MoneyBall MT Orgrimmar
Here’s a new MoneyBall that includes 220 unique lineups, and then uses the match data to explore possibilities.
Probably best to download and view offline, because it’s a lot of data for a spreadsheet.
Skip to the end for a link to an explanation of what this is, if you haven’t seen this before. Skip this entirely is you’re busy or don’t like details
The purpose of this is not to predict ‘the best lineup’ and claim that’s what should be played. In conquest, you’re almost always safe playing the best decks. But you also need to know what to ban and how to ‘Tech’ accordingly. The purpose of MoneyBall is to understand the matchups, and explore different strategies that are possible. One could find a low scoring lineup from here, understand the ban strategy, craft decks with specific targeting tech choices, and use this lower scoring lineup to actually outperform the more obvious lineups. We’re in a meta where this is more viable than other metas I’ve seen. For example, one could find a ban-Paladin lineup, and then tech in anti-secret, watch post, Ogremancer, maybe ooze for rogues, etc… and do better than this model would necessarily predict, without further matchup number changes. If it’s one thing we learned from the Specialist era is that minor tech card changes can make a huge difference in matchups.
All possible 220X220 matchups (48,400) are on the sheet, ‘Moneyball’. The lineup statistics are on the sheet called, ‘LineupResults’.
This is not a representative meta. The lineups are unique, so results would vary. A representative meta would probably have, say, 20 identical lineups for the ‘best lineup’.
This picture shows the top 30 lineups, sorted by average lineup winrates / count of favored.
It should be no surprise that the top lineups are full of the top classes we also see on ladder and at the qualifiers. However, due to using data from Bronze to Legend, many of the top lineups also have Token Druid, for example. This is okay. Anywhere you see Paladin, I found that Secret, Secret Libram, or Aggro all did well in that lineup. In general Secret Libram Paladin was usually the better choice.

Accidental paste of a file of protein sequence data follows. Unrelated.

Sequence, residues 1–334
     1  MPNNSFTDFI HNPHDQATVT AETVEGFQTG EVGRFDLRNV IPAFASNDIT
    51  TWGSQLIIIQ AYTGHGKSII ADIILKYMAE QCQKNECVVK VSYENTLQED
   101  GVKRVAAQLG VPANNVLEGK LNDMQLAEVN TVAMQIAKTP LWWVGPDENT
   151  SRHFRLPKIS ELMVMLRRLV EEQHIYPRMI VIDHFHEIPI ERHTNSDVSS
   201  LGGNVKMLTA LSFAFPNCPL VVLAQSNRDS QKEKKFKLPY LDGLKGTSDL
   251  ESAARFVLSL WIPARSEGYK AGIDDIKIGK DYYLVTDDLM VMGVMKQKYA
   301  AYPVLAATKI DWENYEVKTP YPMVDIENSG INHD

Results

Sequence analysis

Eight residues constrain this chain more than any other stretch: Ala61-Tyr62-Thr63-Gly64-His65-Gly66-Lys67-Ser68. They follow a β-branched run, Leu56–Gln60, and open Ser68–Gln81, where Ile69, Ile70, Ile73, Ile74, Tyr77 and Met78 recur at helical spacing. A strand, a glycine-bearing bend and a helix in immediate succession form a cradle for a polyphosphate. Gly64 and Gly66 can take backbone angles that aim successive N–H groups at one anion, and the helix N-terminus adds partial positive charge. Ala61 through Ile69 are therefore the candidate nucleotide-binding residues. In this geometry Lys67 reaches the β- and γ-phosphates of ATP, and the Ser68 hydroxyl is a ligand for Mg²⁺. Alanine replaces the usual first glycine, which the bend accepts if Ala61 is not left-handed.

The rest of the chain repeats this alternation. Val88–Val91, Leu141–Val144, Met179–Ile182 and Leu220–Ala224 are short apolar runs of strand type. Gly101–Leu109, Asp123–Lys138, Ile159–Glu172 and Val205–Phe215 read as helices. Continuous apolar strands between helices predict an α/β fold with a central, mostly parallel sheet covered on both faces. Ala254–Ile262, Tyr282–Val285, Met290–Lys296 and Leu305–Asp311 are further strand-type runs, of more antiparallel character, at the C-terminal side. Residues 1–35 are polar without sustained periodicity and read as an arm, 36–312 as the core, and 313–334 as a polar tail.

Token Druid – Face Hunter OR Spell Mage – Paladin – Rush Warrior
Spell Mage – Paladin – Watch Rogue – Rush Warrior
Some top lineups that were somewhat unique:
Primordial Druid – Face Hunter – Aggro Paladin – Rush Warrior
Token Druid – Spell Mage – Paladin – Elemental Shaman
Leoroxx Hunter – Spell Mage – Paladin – Watch Rogue
Leoroxx Hunter – Token Druid – Spell Mage – Paladin
Soul DHunter – Face Hunter – Paladin – Rush Warrior
Inquisitor DHunter – Face Hunter – Paladin – Rush Warrior
Spell Mage – Paladin – Miracle Rogue – Rush Warrior
Token Druid – Spell Mage – Paladin – Control Warlock
Token Druid – Spell Mage – Paladin – Miracle Rogue
Spell Mage – Paladin – Watch Rogue – Control Warlock
Leoroxx Hunter – Spell Mage – Paladin – Control Warlock
Leoroxx Hunter – Spell Mage – Paladin – Secret Rogue
Some fairly unique lineups that have a shot at beating the top lineup(s), but are still okay against the field:
Leoroxx Hunter – Spell Mage – Paladin – Control Warlock (or Watch Rogue)
Spell Mage – Libram Paladin – Watch Rogue – Control Warlock
Spell Mage – Aggro Paladin – Secret Rogue – Control Priest
Lifesteal DHunter – Aggro Paladin – Watch Rogue – Rush Warrior
Spell Mage – Aggro Paladin – Spell Priest – Rush Warrior
Spell Mage – Paladin – Spell Priest – Rush Warrior
Spell Mage – Paladin – Rally Priest – Rush Warrior
Spell Mage – Paladin – Watch Rogue – Rush Warrior
You will notice I haven’t listed any lineups with Lifesteal OTK Demon Hunter. By the numbers, it’s not good in the lineup, but highly skilled players could do well to ignore the numbers here. Other decks may be like this too. But unless you’re super skilled, you’d be best off sticking to one of these lineups.
This model is deterministic and the result is based on assuming the favorite player wins and ladder stats are relevant in the tournament.
Keep in mind that a prediction of a player winning 56% of the time, for example, means they lose 44% of the time, and vice versa.
Disclaimers. This comes with the usual caveats about this data being based on average numbers across all users and decks. If we learned anything from the Specialist era, it’s that specific tech choices and player familiarity with decks can make a huge difference in performance. Open decklist formats also don’t allow you to have any surprise factor so stats from ladder will be different than stats in tournaments. This also ignores player skill and any bias in terms of favorites. Nevertheless, this can be used as a sort of ‘viewing guide’ to understand each match while your watching it or to consider lineup options.
If you don’t know what this is, please review my previous post below for an MoneyBall explanation and how to read the charts.
One of these days, I’ll do better in a Google doc. If anyone wants to volunteer… please do, I have a baby but not time.
Thanks for reading, and I’ll see you on ladder.